Argonaut moved the trial court for an order to distribute its workers’ compensation lien on the $352,596.13. The parties then filed cross motions for summary judgment, each asserting their entitlement to the $250,000 in dispute. After a hearing, the trial court granted Argonaut’s motions, denied the Bakers’ motion for summary judgment, and awarded Argonaut the full $352,596.13, less attorneys’ fees and expenses awarded to the Bakers’ counsel for their role in achieving the settlement. The court of appeals modified the trial court’s judgment and reduced Argonaut’s recovery by $250,000. The court of appeals reversed the remainder of the trial court’s judgment, which awarded the Bakers’ counsel attorney’s fees and expenses incurred in connection with the recovery of the settlement, and remanded to the trial court for further proceedings. Argonaut filed this petition for review asking us to reinstate the trial court’s judgment awarding *529 it full reimbursement. No one petitioned this Court for review of the court of appeals’ judgment remanding the issues of attorney’s fees and expenses to the trial court.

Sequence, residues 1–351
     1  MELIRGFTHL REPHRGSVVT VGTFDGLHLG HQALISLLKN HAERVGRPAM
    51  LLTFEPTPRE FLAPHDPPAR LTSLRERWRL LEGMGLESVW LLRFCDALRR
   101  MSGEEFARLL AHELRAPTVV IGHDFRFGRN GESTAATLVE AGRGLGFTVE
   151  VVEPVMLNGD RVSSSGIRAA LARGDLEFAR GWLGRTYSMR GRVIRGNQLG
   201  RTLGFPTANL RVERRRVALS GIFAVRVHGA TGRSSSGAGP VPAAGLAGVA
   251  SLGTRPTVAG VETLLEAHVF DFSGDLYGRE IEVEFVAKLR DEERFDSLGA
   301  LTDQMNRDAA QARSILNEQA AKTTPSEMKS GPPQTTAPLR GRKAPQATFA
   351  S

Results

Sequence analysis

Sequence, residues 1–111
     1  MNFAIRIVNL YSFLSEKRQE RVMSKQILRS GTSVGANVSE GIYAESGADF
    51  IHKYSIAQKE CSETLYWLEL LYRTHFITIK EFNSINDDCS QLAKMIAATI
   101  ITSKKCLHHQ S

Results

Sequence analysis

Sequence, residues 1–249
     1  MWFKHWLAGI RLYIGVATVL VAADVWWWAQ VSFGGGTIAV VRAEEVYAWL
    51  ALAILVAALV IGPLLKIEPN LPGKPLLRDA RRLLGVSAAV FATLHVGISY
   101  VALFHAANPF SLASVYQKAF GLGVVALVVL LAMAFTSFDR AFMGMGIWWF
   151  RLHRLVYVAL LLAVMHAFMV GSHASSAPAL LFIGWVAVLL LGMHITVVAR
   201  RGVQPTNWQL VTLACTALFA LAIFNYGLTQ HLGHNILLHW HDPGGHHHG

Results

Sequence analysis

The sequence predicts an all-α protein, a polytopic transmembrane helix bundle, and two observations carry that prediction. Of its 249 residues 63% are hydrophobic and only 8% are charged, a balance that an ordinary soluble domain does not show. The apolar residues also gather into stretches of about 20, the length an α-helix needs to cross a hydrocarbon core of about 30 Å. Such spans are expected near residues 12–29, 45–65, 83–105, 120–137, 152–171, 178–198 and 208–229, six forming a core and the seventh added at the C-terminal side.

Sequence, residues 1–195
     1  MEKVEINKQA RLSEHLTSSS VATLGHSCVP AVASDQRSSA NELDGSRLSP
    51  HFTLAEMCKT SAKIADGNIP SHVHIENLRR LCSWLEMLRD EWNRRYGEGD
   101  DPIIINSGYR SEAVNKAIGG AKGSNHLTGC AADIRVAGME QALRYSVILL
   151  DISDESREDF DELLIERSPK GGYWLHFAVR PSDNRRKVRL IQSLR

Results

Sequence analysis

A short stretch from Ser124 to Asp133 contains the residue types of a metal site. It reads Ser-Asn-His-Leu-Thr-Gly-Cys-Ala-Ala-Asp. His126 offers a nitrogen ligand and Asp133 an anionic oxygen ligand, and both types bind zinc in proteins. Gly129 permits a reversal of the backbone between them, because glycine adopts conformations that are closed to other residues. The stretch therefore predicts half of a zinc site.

II. Analysis

When both parties move for summary judgment and one motion is granted and one denied, the appellate court should determine all questions presented and render the judgment that the trial court should have rendered. Id. at 357.


Argonaut relies on section 417.002 requires reimbursement from the settlement funds for the full $352,596.13 paid.

On the other hand, the Bakers contend that allowing Argonaut to recover the $250,000 from the settlement funds effectively passes the cost of the deductible from the employer to the employee, a result article 5.55C’s prohibition on the employee being made to pay the deductible, coupled with its requirement that the employer reimburse the carrier for benefits paid to the extent of the deductible amount, precludes Argonaut from obtaining reimbursement from the settlement funds for the $250,000 paid from the deductible.


Because this case turns on the construction of several statutory provisions, we start with the provisions themselves. We construe a statute, “first, by looking to the plain and common meaning of the statute’s words.” Section 417.002 does not limit the carrier’s right to reimbursement to those payments made in excess of the deductible amount. Thus, taken together, these provisions establish the carrier’s right to reimbursement to the total amount of benefits it has paid, including those benefits payable from the deductible.

The Bakers contend, however, that allowing the full reimbursement required by article 5.55C, allows the carrier reimbursement of benefits paid, including benefits payable from the deductible, from any third-party recovery.

Rather than conflicting with TEX. LAB.CODE § 415.006.

Presumably, when the Legislature enacted TEX. GOV’T CODE § 311.026(a) (“If a general provision conflicts with a special or local provision, the provisions shall be construed, if possible, so that effect is given to both.”).